One interesting thing would be to make a 3D video and put it on youtube. Does anybody know what software I need to encode one stereoscopic clip out of the two clips (one for each eye)? And I'm not buying any expensive software - unless you decide to chip in.
The interactivity part of the simulation allows for lots of improvement.
Tesseracts are cool, but they are not the only 4D figures possible. It would be interesting to see how the intersection of a 4D triangle (the 3D triangle is called tetrahedron) and a 4D cylinder (with spherical bases) looks like. If I get my head around how all of this works.
Of course, YOU might be having some even more exciting ideas worth sharing.
This is all very exciting, but also time-consuming, so show me some interest. I'd very much appreciate it.

Thank you for your attention!

“I disagree. This is wrong. I feel offended.” I am sorry about that. Your opinion is important to me, so please write down all your objections in a comment below.  Thank you.

BTW, I also love praise, so be sure to give me some If you feel like it.

Thank you for reading this far. Did you find this article helpful in any way? If you did, maybe you could think of somebody else who could benefit from it, too. Be sure to help them out by bringing them here.

Thank you!

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  1. howtolivehappily permalink

    For the case that you didn’t have proper Java installed and couldn’t see the simulations, here’s a short video of the crossed-view simulation:

    Have some fun with it.

  2. Tyler permalink

    I’m trying to get the stereographic to work and I’m getting a focused single image between the two, but it just looks like one of the single images alone. In other words, I’m getting the same effect as if I was just looking at one of the tesseracts with both eyes. Any suggestions?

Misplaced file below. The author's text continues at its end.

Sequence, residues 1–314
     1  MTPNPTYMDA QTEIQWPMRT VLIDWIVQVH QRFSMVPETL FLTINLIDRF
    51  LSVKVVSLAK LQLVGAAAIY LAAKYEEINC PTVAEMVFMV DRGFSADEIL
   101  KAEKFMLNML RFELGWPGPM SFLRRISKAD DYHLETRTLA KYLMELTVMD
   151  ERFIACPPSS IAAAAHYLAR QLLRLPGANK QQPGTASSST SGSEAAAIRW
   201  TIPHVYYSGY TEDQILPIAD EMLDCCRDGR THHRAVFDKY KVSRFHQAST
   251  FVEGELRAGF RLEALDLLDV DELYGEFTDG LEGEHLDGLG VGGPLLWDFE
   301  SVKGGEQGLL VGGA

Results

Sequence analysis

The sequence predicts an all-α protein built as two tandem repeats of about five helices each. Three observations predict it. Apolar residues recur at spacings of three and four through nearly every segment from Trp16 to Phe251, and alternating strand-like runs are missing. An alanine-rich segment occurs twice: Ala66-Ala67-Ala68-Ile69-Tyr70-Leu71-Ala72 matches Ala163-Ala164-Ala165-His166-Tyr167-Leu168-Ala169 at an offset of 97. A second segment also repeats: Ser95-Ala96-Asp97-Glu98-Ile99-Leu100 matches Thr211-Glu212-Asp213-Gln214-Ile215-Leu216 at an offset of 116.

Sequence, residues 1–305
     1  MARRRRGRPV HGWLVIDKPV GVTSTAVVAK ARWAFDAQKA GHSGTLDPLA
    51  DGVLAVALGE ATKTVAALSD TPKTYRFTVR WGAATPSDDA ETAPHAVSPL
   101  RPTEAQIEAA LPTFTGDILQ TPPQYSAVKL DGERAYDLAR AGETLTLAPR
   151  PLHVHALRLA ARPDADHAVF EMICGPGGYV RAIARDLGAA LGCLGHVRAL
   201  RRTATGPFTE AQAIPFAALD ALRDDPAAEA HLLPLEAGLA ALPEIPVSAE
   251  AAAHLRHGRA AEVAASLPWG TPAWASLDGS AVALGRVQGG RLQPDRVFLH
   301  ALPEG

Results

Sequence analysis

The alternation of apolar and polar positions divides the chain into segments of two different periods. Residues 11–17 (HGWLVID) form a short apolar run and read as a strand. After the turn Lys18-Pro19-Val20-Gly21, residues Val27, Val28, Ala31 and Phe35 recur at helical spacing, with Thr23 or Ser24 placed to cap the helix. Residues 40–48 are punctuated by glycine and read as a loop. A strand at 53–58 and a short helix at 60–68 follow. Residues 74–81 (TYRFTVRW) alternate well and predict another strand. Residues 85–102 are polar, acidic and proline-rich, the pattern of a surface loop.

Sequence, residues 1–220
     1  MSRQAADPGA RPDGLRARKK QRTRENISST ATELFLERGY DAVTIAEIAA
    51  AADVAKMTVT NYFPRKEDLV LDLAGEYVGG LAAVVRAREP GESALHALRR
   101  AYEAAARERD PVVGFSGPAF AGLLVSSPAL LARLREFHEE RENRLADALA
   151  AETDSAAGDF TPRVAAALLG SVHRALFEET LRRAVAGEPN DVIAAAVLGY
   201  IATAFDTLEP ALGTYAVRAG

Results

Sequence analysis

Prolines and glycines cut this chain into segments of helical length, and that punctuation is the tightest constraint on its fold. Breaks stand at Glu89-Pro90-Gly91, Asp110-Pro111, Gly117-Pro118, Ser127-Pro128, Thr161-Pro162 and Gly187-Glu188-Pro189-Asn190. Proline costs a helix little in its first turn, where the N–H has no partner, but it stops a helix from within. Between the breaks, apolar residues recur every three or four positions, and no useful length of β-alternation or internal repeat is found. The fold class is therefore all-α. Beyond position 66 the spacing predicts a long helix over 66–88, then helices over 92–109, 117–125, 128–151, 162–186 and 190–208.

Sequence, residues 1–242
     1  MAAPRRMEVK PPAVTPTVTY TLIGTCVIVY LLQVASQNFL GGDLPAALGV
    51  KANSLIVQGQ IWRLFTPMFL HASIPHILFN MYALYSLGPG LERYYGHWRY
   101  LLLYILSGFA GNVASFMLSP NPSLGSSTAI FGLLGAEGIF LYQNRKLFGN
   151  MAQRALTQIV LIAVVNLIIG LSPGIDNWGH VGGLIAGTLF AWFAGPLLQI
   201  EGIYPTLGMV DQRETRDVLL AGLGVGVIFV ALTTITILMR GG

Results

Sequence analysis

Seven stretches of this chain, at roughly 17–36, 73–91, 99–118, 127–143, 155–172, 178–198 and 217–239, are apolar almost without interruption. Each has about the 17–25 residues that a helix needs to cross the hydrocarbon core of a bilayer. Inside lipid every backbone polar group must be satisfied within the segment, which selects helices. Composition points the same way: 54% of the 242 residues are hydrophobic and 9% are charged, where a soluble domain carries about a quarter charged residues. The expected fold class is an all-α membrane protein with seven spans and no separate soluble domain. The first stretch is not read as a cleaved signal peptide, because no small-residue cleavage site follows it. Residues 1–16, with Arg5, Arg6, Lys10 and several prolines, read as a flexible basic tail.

• howtolivehappily permalink

      Hey Tyler, I’m having a bit of a problem understanding what exactly you mean.
      Which is kind of normal: Describing an unusual subjective experience can be hard.

      You may very well be on the right track, because you should be seeing one image. It should also look like both of the two images merged.

      Maybe it would be more accurate to say that you should be seeing three images, the one in the middle being the one you focus on. The one in the middle is the one you see with both eyes. The other two you’ll see with just one eye respectively – which would make them look “fainter.”
      Ignore them. Focus on the one in the middle.

      This image should look like it’s suspended in space, somewhere between your head and your screen.
      It should also have some depth. In other words, some parts of it should look further away from you than others.

      We’ve got a problem if it looks flat. So, does it look flat?
      Can you tell if it does?

      Because a tesseract is quite complex, and because looking at stereographic images may be new to you, there’s a good chance that you’re still too confused to see it correctly.

      For example, you may not yet be able to tell if it’s flat or not.

      Looking some more should do the trick. Don’t overdo it though, or you may get nauseous.

      I suggest that you look for a minute or two, then take a break – get up, walk around and look at real world stuff.

      Then come back later and look again. Wash, rinse, repeat.

      This should work. Tell me how it goes …

      • Tyler permalink

        I GOT IT! I GOT IT! That’s so cool! I still don’t understand the 4 dimensional nature of it, but I guess that’s due to our 3 dimensional spatial limitations. It looks like a 3 dimensional shape that is folding in and around and on itself. Very cool.

        Hint to those attempting this: Once I got the third and central image to be in view, it helped me focus to try to follow a specific vertex. It helped my brain understand what I was trying to do. I also listened to ambient music. Whatever works. Best of luck!

        • howtolivehappily permalink

          That’s awesome!

          And listening to relaxing music is a really good idea. It can definitely help.